Angela Lee Duckworth holds a short (6 minutes) presentation about what’s required for success. A high IQ isn’t enough, it takes stamina and grit. She ends up with mentioning the inetresting topic of the growth mindset.
Leaving a high-flying job in consulting, Angela Lee Duckworth took a job teaching math to seventh graders in a New York public school. She quickly realized that IQ wasn’t the only thing separating the successful students from those who struggled. Here, she explains her theory of “grit” as a predictor of success.
I prefer to talk about creating harmony in your life but the message in this video is important and well worth considering.
Work-life balance, says Nigel Marsh, is too important to be left in the hands of your employer. At TEDxSydney, Marsh lays out an ideal day balanced between family time, personal time and productivity — and offers some stirring encouragement to make it happen.
Nigel is spot on – you’re the one responsible for creating the harmony you want in your life. No one else will or can do it for you.
Nigel says this regarding lives out of balance:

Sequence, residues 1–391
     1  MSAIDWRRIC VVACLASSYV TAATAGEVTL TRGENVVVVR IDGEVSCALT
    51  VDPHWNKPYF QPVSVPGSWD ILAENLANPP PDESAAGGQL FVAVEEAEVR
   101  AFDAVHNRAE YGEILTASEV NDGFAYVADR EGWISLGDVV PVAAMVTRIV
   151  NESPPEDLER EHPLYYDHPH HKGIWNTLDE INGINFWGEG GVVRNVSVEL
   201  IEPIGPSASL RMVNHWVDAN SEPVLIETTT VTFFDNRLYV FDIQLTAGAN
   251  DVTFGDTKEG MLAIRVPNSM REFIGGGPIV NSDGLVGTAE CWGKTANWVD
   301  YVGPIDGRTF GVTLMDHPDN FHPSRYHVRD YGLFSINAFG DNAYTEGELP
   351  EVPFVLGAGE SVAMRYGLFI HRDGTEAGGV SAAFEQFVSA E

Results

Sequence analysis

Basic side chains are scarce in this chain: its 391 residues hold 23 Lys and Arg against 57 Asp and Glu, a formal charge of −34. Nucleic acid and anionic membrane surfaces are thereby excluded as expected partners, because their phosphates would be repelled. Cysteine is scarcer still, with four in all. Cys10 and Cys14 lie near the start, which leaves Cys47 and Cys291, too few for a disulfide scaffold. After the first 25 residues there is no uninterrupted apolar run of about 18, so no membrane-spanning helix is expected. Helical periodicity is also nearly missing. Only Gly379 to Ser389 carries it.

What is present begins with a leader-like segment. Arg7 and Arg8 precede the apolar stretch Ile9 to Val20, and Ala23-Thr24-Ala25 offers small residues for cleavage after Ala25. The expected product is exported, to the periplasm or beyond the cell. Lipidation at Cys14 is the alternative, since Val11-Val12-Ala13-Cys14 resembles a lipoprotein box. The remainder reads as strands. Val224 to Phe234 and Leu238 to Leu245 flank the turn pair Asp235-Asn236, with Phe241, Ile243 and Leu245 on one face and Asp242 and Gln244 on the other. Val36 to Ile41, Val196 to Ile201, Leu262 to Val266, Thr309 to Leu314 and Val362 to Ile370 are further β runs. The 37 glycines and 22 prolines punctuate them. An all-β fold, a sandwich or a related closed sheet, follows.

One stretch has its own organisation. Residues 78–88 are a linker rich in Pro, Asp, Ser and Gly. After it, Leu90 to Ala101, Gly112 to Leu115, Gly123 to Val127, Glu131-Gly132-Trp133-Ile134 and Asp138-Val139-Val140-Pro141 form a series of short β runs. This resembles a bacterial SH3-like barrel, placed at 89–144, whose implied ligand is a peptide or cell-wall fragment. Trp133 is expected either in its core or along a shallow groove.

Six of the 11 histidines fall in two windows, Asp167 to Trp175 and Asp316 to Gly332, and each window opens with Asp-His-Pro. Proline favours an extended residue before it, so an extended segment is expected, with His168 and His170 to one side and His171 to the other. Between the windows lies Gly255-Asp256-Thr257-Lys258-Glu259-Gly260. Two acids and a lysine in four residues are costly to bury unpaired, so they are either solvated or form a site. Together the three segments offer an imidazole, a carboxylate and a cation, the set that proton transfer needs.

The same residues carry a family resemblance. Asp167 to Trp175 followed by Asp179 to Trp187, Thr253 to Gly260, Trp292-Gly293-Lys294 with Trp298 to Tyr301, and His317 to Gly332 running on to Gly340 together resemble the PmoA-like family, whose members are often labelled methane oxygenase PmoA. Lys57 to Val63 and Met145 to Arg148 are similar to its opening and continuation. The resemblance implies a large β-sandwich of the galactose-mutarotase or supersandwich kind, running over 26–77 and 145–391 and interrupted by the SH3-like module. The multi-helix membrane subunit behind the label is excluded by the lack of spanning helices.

There are thousands and thousands of people out there living lives of quiet, screaming desperation who work long, hard hours, at jobs they hate, to enable them to buy things they don’t need to impress people they don’t like.
This was originally posted at Bengt’s Notes, another blog of mine.
Through The Power of Why I found How great leaders inspire action by Simon Sinek. It’s a great presentation about the power of starting from “why”, to define your purpose and why you do what you do. Having a clear purpose, the “Why”, makes you stand out in the crowd and gives people a reason why they shall connect with you.
Simon Sinek has a simple but powerful model for inspirational leadership all starting with a golden circle and the question “Why?” His examples include Apple, Martin Luther King, and the Wright brothers